A patent granted to Google this week suggests the company has future plans to track where you are at all times of the day. The patent, titled “systems and methods for generating a user location history,” goes a step beyond tracking your location via GPS coordinates.
I have previously written about the personal data you’re voluntarily providing to Google when you use services like Allo, Google Home, or the Google Phone. However, the newly granted patent is more ambitious.
Google aspires to learn where you get your coffee in the morning, where you spend your lunch breaks, where you and your friends meet up for after-work drinks, your favorite places to go to dinner, and so on.
According to the patent application, using raw GPS data alone is not sufficient at determining a user’s exact location:
”Therefore, such raw location data can fail to identify a particular entity (e.g. restaurant, park, or other point of interest) that the user was visiting at the time. As such, use of the raw data in furtherance of location-enhanced services can fail to provide any contextual information that would more appropriately personalize the location-enhanced services.”
Google intends to identify the “particular entity” you have visited through collecting data from a variety of sources across multiple devices. In addition to GPS location data, the following will also be used to determine the exact locations you’ve been to throughout the day:
- Search history
- Emails sent and received
- Photographs taken
- Requests for directions
- Social media posts
- Receipts from mobile payments
Ideally, Google wants to be able to map out a day in the life of its users. Where they go, what time they get there, how long they stay, what time they leave, where they go next, etc.
If you’re not comfortable with Google collecting all of this data, you might be able to opt out:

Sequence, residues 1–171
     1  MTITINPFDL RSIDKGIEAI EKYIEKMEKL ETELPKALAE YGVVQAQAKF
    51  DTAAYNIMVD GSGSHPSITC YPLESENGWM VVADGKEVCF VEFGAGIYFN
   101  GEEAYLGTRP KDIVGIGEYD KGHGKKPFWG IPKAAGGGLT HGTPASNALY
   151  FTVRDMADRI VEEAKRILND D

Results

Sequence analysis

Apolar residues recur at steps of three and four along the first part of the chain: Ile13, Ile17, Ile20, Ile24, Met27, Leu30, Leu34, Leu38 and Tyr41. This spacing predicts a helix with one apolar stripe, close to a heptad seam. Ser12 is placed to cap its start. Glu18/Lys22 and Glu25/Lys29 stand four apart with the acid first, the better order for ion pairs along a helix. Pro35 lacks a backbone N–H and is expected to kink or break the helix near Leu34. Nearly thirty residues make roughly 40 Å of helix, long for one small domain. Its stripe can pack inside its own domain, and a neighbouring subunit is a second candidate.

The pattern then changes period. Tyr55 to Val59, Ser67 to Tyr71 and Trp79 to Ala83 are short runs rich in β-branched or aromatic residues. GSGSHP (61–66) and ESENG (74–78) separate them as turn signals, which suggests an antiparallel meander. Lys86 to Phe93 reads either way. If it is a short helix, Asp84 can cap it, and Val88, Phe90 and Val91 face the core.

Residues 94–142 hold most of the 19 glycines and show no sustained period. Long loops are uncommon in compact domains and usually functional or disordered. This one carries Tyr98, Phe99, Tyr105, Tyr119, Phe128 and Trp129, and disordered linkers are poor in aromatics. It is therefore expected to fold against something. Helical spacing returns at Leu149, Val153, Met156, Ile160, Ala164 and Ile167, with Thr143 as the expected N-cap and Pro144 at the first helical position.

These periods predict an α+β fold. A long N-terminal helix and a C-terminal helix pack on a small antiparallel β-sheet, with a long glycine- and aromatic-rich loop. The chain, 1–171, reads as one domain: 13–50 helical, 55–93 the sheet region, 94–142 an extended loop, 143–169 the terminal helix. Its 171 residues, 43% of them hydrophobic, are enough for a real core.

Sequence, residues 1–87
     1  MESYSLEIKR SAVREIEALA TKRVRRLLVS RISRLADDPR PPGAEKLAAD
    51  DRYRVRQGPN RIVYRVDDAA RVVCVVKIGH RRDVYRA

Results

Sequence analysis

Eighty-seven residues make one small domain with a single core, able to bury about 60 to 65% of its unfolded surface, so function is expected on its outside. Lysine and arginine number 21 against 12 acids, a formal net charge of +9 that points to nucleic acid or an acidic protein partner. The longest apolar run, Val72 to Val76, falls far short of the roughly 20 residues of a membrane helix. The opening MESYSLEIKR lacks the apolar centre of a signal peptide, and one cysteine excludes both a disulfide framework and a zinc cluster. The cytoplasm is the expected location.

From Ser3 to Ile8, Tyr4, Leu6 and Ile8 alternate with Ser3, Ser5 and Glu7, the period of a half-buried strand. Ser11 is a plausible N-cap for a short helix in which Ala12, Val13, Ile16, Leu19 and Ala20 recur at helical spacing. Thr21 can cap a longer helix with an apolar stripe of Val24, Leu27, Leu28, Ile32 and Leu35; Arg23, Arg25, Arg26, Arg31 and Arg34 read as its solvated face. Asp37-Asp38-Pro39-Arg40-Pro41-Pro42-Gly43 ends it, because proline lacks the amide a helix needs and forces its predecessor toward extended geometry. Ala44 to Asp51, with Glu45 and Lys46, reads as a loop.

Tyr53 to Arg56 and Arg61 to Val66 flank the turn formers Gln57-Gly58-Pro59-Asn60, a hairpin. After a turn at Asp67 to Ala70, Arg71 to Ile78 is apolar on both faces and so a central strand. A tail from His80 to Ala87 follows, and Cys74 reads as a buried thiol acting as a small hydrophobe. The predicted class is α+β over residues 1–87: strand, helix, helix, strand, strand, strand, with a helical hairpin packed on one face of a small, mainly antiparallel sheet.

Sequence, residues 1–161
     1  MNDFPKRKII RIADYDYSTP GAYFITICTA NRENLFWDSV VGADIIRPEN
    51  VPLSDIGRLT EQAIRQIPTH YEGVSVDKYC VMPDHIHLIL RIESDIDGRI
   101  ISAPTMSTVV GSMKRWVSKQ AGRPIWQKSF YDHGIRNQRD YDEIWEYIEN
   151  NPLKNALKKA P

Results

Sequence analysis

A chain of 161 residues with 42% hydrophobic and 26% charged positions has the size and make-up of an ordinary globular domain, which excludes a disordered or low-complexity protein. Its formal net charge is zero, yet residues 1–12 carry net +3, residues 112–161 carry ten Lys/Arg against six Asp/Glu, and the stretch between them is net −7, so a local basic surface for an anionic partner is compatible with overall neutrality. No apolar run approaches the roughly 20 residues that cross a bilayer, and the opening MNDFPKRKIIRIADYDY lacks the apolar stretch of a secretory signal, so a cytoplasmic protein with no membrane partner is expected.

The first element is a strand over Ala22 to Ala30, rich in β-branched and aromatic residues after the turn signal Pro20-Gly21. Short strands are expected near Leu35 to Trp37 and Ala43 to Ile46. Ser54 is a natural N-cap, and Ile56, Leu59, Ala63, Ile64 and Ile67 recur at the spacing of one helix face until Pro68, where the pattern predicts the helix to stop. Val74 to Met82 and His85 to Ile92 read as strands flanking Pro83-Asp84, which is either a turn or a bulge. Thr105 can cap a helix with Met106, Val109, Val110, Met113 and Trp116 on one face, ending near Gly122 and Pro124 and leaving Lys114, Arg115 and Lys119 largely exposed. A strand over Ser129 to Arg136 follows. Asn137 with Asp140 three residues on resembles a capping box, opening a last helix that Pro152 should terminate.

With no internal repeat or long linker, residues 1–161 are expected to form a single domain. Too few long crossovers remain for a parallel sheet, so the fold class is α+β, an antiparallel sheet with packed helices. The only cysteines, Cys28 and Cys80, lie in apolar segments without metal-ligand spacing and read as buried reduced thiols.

”…users may be provided with an opportunity to control whether programs or features collect such information. If the user does not allow collection and use of such signals, then the user may not receive the benefits of the techniques described herein.”
What are the benefits Google is referring to? In return for your data, you will receive a recorded history of your day-to-day life, broken down by time and location. This could be useful if you need to retrace your steps on a particular day. Should Google get a location wrong, you will have the option to correct and revise your location history.
Without going into much detail, the patent says location histories can also be used to serve “location-enhanced” search results, as well as to “enhance social media, mapping applications, or other suitable applications.”
This is where it’s important to mention that not all patents end up going to market. Google has been granted many patents that never see the light of day, and this may just be another one to add to the list.
On the other hand, if put into practice, it could end up leading to significant advances in local search, location-based marketing, geotargeting, and more. We’ll just have to wait and see what Google does with it.
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